And now, with the weakening of Vedism through the rejection of higher truth, the cult of the Aryans became subject to increasing inroads from the Deccan. In a desperate effort to stem the tide of racial extinction and religious obliteration, the Brahman caste sought to exalt themselves above all else. They taught that the sacrifice to deity in itself was all-efficacious, that it was all-compelling in its potency. They proclaimed that, of the two essential divine principles of the universe, one was Brahman the deity, and the other was the Brahman priesthood. Among no other Urantia peoples did the priests presume to exalt themselves above even their gods, to relegate to themselves the honors due their gods. But they went so absurdly far with these presumptuous claims that the whole precarious system collapsed before the debasing cults which poured in from the surrounding and less advanced civilizations. The vast Vedic priesthood itself floundered and sank beneath the black flood of inertia and pessimism which their own selfish and unwise presumption had brought upon all India.

The undue concentration on self led certainly to a fear of the nonevolutionary perpetuation of self in an endless round of successive incarnations as man, beast, or weeds. And of all the contaminating beliefs which could have become fastened upon what may have been an emerging monotheism, none was so stultifying as this belief in transmigration--the doctrine of the reincarnation of souls--which came from the Dravidian Deccan. This belief in the weary and monotonous round of repeated transmigrations robbed struggling mortals of their long-cherished hope of finding that deliverance and spiritual advancement in death which had been a part of the earlier Vedic faith.

This philosophically debilitating teaching was soon followed by the invention of the doctrine of the eternal escape from self by submergence in the universal rest and peace of absolute union with Brahman, the oversoul of all creation. Mortal desire and human ambition were effectually ravished and virtually destroyed. For more than two thousand years the better minds of India have sought to escape from all desire, and thus was opened wide the door for the entrance of those later cults and teachings which have virtually shackled the souls of many Hindu peoples in the chains of spiritual hopelessness. Of all civilizations, the Vedic-Aryan paid the most terrible price for its rejection of the Salem gospel.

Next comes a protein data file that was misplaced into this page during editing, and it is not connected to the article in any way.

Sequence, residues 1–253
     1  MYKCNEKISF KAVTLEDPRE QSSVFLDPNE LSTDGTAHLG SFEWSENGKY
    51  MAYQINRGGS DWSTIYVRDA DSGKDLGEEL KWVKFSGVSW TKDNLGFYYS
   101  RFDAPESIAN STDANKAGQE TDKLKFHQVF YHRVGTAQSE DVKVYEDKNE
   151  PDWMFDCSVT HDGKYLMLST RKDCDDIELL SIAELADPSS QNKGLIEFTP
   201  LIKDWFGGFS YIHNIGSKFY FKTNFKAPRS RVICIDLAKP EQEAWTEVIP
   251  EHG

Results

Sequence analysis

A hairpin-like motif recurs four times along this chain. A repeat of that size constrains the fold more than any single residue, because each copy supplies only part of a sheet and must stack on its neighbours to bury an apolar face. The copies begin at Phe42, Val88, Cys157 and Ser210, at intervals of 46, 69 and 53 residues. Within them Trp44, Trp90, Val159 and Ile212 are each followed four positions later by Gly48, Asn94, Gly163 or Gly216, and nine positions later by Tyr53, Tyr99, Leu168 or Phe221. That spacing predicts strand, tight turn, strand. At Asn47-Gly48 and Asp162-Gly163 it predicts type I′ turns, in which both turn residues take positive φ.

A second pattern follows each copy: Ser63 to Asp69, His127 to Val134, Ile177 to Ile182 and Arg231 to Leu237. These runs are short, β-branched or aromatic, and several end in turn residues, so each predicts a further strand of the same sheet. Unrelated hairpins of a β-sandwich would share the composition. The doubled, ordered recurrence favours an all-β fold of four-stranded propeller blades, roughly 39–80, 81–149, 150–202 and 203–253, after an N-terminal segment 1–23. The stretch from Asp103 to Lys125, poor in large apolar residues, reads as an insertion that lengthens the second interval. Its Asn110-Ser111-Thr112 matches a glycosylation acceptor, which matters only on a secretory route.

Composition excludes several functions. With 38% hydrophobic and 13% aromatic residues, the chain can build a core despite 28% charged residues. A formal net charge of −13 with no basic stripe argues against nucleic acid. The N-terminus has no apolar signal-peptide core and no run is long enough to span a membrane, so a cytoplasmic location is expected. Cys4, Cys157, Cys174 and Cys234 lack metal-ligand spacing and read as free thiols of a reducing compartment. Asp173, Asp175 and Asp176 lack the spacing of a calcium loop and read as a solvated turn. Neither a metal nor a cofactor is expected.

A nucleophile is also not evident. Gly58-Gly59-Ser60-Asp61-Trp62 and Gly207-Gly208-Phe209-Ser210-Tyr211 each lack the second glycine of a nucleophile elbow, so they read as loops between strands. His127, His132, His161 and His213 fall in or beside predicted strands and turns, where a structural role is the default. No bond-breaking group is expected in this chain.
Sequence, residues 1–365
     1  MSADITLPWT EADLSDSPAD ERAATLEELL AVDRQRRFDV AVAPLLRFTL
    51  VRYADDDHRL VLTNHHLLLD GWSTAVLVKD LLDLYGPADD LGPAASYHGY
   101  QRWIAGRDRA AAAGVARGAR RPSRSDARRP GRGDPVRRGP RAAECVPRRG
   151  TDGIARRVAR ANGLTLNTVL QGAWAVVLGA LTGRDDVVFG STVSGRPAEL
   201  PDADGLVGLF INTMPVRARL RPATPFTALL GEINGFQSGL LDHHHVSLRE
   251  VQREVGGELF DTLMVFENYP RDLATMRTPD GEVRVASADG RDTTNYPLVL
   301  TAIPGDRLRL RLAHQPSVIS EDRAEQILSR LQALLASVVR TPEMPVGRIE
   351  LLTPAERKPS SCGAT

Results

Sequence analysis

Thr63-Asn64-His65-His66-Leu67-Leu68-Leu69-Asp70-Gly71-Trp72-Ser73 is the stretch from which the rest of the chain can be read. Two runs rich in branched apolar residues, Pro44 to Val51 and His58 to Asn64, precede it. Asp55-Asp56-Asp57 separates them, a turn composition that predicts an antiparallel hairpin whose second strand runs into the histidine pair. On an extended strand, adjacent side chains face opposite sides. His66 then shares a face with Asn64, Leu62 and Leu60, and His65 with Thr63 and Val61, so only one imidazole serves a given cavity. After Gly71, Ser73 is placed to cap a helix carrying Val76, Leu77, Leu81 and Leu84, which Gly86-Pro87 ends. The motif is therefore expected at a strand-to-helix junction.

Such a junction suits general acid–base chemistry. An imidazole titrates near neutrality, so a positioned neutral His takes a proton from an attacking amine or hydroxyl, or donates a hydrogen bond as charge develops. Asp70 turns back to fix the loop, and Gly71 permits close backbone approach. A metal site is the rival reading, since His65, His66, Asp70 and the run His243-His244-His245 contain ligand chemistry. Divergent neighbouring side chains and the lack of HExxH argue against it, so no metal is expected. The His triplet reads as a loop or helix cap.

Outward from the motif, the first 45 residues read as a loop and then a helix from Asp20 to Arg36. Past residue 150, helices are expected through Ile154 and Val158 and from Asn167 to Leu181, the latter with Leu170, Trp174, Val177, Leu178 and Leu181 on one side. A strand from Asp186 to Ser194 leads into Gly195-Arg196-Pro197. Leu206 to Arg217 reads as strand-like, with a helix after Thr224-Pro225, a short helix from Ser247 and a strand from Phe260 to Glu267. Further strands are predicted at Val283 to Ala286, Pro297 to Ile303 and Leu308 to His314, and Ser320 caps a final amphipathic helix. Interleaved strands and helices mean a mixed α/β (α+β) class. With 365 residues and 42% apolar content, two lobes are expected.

Caste alone could not perpetuate the Aryan religio-cultural system, and as the inferior religions of the Deccan permeated the north, there developed an age of despair and hopelessness. It was during these dark days that the cult of taking no life arose, and it has ever since persisted. Many of the new cults were frankly atheistic, claiming that such salvation as was attainable could come only by man's own unaided efforts. But throughout a great deal of all this unfortunate philosophy, distorted remnants of the Melchizedek and even the Adamic teachings can be traced.